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The Destination

Page history last edited by Mark 13 years, 11 months ago

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A Conversation with Nishida: The Destination


“People always rushing, forwards and backwards.” The master grimaced at the crowds scurrying beyond the dojo window in the blustery autumn weather. “If the ones running forwards exchanged destination with the ones running backwards, each would be precisely where they would want to be. Then, no rushing.”


“But even if they did so today,” I begin, “there would still be a need for them to end up somewhere else at some time—perhaps tomorrow.”


“Then perhaps it is not the destination in which they are so interested,” muses Nishida, cocking one eyebrow in my direction. By now, I know that look. I take a deep breath, preparing to be wrong, no matter what I say.


“Each destination has a purpose, a reason for someone to travel there.” I explain. “They could be heading to the shop to buy goods for the evening meal. Or to the library to obtain a volume for study. They might be meeting with a friend or a lover, or even a teacher.”


“Would that the purpose be so compelling that its reason could hold them,” responds Nishida. “But reason cannot, so purpose is not.” He turns slightly away, as if to stare out the window once again. His eyes, however, remain fixed on me, as I puzzle this latest conundrum.


“I agree. The purpose of the destination is temporary, serving only until the transient need is fulfilled. There is purpose in the travel itself, for were it not for the travel, the needs would remain unmet, despite the purpose being present at the destination.” There, I thought. That should be a sufficient koan-like response.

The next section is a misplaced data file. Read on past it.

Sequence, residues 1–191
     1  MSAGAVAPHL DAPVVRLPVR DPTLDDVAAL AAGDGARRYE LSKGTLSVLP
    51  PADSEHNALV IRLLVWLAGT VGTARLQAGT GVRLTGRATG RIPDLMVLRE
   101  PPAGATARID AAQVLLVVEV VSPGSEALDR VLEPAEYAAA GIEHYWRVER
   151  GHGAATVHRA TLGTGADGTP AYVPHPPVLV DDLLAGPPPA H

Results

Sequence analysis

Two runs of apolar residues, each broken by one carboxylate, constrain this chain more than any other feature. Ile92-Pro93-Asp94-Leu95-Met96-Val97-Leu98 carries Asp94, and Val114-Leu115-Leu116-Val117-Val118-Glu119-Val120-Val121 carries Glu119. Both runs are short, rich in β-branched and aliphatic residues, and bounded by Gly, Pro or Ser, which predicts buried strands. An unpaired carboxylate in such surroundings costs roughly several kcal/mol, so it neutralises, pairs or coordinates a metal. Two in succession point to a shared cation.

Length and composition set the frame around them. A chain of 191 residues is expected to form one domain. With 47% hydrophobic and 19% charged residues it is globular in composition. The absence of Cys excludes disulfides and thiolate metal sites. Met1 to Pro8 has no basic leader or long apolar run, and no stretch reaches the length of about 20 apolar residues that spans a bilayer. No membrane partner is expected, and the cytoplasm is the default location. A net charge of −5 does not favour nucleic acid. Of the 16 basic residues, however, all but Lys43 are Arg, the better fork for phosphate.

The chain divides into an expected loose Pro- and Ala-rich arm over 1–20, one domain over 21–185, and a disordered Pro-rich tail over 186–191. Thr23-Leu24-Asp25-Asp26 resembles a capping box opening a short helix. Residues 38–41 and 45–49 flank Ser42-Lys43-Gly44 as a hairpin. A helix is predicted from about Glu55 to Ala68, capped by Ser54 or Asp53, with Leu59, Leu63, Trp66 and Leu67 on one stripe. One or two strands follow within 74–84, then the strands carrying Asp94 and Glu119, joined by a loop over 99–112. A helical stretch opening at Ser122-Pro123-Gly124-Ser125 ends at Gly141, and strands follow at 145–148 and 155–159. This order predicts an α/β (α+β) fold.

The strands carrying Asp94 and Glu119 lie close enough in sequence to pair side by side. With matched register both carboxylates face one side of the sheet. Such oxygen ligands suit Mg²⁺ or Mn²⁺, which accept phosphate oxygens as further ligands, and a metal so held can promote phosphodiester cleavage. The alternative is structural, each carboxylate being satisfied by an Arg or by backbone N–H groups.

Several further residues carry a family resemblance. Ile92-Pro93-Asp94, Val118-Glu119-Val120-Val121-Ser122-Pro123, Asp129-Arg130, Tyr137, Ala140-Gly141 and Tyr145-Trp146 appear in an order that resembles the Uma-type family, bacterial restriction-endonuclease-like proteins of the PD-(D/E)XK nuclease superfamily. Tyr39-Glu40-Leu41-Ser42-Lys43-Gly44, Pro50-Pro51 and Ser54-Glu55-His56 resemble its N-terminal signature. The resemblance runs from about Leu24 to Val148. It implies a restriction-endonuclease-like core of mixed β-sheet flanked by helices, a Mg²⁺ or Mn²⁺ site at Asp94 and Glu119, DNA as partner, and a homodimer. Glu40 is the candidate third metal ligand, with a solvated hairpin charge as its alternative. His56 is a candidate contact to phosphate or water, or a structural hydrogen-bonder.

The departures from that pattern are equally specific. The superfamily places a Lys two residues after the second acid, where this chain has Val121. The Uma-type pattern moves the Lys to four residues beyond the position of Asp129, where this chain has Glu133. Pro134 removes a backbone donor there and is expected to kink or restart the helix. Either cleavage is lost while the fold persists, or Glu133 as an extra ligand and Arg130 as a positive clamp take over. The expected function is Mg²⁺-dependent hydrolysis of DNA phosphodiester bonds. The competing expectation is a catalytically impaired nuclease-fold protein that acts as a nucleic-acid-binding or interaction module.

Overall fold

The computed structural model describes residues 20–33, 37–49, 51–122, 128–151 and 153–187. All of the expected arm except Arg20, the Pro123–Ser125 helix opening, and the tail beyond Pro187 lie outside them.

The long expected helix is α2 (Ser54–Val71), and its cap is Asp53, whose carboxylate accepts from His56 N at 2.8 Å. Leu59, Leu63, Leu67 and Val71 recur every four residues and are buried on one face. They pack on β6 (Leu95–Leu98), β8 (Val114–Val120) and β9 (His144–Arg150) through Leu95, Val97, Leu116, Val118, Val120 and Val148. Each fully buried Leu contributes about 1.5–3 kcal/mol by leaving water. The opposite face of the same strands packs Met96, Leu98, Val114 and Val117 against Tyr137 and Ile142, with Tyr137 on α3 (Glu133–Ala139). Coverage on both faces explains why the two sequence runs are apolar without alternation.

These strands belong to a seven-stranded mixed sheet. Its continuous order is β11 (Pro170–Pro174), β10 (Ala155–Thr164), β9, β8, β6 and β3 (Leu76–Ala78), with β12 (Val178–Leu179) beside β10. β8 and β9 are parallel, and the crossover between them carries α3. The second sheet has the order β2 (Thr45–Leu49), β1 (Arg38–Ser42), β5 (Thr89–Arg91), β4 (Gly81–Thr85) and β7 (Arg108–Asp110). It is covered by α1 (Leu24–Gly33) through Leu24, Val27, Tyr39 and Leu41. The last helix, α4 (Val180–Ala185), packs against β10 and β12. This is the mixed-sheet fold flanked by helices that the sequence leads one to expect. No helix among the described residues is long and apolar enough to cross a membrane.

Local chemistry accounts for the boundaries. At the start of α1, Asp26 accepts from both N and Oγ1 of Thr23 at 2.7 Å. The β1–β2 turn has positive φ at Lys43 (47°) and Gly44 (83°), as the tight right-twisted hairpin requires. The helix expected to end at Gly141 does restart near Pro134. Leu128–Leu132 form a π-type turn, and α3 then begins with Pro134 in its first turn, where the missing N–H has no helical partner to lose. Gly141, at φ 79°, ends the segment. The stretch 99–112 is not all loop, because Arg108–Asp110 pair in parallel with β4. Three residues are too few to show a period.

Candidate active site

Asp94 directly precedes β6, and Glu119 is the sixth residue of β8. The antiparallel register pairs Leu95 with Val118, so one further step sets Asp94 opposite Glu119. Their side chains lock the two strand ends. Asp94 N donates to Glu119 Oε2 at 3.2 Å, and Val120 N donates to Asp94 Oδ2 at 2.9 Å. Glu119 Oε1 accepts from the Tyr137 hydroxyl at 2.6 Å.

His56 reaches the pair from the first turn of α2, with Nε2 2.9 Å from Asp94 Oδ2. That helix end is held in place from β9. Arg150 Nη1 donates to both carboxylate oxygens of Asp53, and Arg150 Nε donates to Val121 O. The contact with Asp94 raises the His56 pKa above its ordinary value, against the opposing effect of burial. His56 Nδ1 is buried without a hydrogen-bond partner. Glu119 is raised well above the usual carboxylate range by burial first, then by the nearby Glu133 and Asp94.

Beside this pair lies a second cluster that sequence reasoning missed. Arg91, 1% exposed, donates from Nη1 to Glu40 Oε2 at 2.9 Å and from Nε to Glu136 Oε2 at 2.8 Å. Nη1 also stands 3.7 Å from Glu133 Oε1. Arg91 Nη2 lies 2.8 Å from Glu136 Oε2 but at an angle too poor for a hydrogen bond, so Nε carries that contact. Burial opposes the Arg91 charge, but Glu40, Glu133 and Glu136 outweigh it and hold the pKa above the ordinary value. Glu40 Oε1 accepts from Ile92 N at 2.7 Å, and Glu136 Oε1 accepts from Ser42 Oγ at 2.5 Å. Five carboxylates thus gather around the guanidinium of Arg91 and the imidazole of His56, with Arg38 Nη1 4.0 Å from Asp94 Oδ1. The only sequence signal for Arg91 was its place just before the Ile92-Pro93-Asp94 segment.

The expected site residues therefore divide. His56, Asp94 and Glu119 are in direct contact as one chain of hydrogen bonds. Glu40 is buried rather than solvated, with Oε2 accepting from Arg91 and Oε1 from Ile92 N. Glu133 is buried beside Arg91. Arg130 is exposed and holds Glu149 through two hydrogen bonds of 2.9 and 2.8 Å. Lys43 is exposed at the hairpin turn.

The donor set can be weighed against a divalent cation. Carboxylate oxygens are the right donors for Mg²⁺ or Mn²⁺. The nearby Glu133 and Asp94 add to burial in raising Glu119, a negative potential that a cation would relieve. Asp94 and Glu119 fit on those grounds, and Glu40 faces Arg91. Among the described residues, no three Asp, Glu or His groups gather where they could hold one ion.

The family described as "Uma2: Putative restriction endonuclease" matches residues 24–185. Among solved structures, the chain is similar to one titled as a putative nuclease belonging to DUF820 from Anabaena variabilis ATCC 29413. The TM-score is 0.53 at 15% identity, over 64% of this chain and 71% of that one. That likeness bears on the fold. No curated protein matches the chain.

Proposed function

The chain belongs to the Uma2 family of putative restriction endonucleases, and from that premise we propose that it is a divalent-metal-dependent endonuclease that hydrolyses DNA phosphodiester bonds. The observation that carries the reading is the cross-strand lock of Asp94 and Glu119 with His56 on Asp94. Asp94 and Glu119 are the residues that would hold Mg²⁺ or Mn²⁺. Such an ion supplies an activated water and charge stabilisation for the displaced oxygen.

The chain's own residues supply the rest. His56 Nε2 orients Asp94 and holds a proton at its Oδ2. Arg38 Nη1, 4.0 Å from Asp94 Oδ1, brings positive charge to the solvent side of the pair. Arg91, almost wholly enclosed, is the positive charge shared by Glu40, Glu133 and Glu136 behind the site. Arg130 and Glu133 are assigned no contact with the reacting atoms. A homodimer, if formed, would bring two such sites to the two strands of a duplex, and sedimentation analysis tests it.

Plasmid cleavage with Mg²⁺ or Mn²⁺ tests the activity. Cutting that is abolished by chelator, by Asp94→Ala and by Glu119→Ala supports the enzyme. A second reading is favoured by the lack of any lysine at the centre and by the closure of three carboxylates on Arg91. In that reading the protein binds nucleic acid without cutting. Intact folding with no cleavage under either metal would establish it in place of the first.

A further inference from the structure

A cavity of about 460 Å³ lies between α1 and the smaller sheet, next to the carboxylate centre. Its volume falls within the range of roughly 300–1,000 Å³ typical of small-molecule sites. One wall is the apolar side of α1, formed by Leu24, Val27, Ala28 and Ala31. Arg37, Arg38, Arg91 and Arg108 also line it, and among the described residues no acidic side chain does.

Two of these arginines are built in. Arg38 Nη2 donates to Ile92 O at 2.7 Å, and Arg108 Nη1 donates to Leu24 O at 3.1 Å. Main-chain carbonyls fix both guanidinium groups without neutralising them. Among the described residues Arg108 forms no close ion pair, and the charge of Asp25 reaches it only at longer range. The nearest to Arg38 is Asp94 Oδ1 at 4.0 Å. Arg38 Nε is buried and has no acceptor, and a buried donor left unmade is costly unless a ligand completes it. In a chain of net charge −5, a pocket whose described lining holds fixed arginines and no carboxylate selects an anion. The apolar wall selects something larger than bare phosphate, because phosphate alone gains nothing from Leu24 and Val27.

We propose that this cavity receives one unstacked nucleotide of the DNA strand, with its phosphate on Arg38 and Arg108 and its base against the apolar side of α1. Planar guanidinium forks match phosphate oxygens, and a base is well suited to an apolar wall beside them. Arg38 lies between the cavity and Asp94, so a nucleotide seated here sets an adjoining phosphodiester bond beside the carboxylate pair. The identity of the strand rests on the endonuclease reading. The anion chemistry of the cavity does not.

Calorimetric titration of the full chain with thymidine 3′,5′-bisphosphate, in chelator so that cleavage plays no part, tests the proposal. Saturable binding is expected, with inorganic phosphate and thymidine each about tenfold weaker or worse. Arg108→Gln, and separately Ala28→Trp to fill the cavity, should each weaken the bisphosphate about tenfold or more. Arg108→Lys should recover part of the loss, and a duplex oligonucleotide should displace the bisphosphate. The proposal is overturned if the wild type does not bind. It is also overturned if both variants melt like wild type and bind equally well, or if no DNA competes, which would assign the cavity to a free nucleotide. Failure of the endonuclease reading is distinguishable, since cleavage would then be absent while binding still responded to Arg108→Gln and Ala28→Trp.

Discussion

“So you say that the purpose of the travel is the purpose of the destination, that one fulfills the other.”


“Yes, sensei.”


“Yet a moment ago, we decided that the purpose is not compelling. So no reason to travel, but travel they still do.” The old man appears to be quite satisfied in tying me in mental knots.


“Then there is no purpose to any of it!” I blurt out.


“The first sensible thing you have said all afternoon,” replies Nishida, quite calmly. “These rushing people give far more of themselves in travelling than they do being present at their destination because the purpose is indeed quite irrelevant. They will be as they become; purposes will always present themselves accordingly. But it is the voyage itself that compels, that produces the energy of transformation.  Thus, to understand their voyage is to better understand their reason which, of course, is an entirely other matter.”

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